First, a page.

Naturally, it is necessary to follow the security rules set by the country, the military department and the center that coordinates the work of journalists.

You need to know for sure that you as an individual are just a means, not an end. A means, because you are important not in such sharp conditions, but as someone standing behind a soldier on the front line, that you have to work in a way that does not harm them and the state.

It is necessary to know the structure of the work clearly and to ask a simple question, why am I doing this, what problem am I solving with this and to answer honestly. I find it very important to stay in touch with people who know how to deal with military affairs, to regularly consult with those who guide you, because not everyone knows how to deal with seemingly very simple realities.

For example, during the war I learned that it is not allowed to shoot a soldier who is wearing a communication device at that moment.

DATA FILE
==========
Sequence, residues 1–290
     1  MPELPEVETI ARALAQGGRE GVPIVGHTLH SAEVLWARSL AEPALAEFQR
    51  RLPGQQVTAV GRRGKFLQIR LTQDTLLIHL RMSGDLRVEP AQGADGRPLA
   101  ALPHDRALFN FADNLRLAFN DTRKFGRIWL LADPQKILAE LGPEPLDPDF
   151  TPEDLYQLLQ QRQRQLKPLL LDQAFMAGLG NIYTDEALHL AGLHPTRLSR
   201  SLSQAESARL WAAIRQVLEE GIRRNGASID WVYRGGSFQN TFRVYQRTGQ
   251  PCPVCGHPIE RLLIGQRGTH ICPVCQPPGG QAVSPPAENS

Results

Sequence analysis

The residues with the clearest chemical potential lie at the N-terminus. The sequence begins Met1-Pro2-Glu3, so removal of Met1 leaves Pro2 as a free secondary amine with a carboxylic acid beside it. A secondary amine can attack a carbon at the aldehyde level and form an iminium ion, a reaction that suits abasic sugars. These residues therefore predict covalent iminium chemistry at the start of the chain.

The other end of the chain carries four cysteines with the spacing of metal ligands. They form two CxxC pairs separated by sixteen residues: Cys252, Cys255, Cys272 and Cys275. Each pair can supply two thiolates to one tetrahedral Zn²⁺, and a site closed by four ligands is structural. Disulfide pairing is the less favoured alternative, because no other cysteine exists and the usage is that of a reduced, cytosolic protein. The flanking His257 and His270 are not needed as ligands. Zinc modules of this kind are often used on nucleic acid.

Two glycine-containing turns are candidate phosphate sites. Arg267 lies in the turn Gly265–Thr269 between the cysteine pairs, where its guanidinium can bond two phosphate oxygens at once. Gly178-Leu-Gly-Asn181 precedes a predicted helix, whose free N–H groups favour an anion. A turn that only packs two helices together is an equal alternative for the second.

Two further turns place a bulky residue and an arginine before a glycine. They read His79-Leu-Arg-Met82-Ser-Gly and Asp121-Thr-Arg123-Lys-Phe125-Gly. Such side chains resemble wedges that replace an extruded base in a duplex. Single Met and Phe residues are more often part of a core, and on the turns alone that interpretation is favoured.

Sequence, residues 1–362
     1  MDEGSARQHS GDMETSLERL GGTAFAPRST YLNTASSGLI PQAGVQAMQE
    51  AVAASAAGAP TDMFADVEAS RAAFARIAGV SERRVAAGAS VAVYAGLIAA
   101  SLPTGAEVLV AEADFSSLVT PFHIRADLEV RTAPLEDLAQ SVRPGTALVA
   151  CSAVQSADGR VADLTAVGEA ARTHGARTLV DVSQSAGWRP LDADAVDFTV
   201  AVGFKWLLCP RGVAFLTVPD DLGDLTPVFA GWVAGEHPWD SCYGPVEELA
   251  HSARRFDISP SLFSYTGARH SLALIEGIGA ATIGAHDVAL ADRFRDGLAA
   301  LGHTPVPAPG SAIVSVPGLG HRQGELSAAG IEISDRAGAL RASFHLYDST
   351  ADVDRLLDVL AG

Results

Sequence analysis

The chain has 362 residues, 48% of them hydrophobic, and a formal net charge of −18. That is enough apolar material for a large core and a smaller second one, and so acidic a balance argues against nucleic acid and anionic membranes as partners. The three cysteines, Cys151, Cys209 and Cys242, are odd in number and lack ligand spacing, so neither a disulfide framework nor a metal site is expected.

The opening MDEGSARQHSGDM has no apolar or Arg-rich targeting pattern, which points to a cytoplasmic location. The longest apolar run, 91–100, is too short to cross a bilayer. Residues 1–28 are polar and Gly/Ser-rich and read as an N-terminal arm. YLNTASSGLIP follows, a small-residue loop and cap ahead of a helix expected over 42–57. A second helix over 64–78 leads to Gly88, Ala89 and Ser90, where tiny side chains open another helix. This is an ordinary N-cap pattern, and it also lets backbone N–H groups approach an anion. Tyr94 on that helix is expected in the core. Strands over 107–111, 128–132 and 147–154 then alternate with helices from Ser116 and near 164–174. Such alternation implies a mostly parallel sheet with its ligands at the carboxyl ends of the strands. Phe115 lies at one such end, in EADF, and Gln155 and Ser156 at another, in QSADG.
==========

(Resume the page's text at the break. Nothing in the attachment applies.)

In Shushi you discovered three little boys who became a symbol of war in a span of a few days.

The interaction with the famous children of Shushi personally gave me confidence that I am in the right place, with the right mission. It gave me great faith that regardless of the outcome of this cruel war, we will live free and confident in our strength.

Meeting them and telling their story strengthened my conviction that all of us, regardless of profession, status, opportunities and geography, must remain human, with faith in our future, our state and our identity.

As much as this war changed me personally, so did those little ones: they have solidified my convictions, my values, on which I rely unconditionally.

How would you summarize your journalistic work in Artsakh? Were there any shortcomings?

My team and I have done our best, of course, we can always do more. But in the hard days of the war, we never recoiled, became weak, of course, we were depressed, we were upset, but we never doubted the importance of our work, the necessity of it.

Emphasizing once again the no less hard work of my immediate colleagues in the background, I openly say that we have done a great job, we have succeeded in our work, we have not fallen back.

As a result of the publicization of our heroes from behind, the public is still interested in what they can support. There have certainly been shortcomings, he who does nothing does not fail. These are issues that need to be analyzed and understood separately in our editorial office.

Interview by Gayane Asryan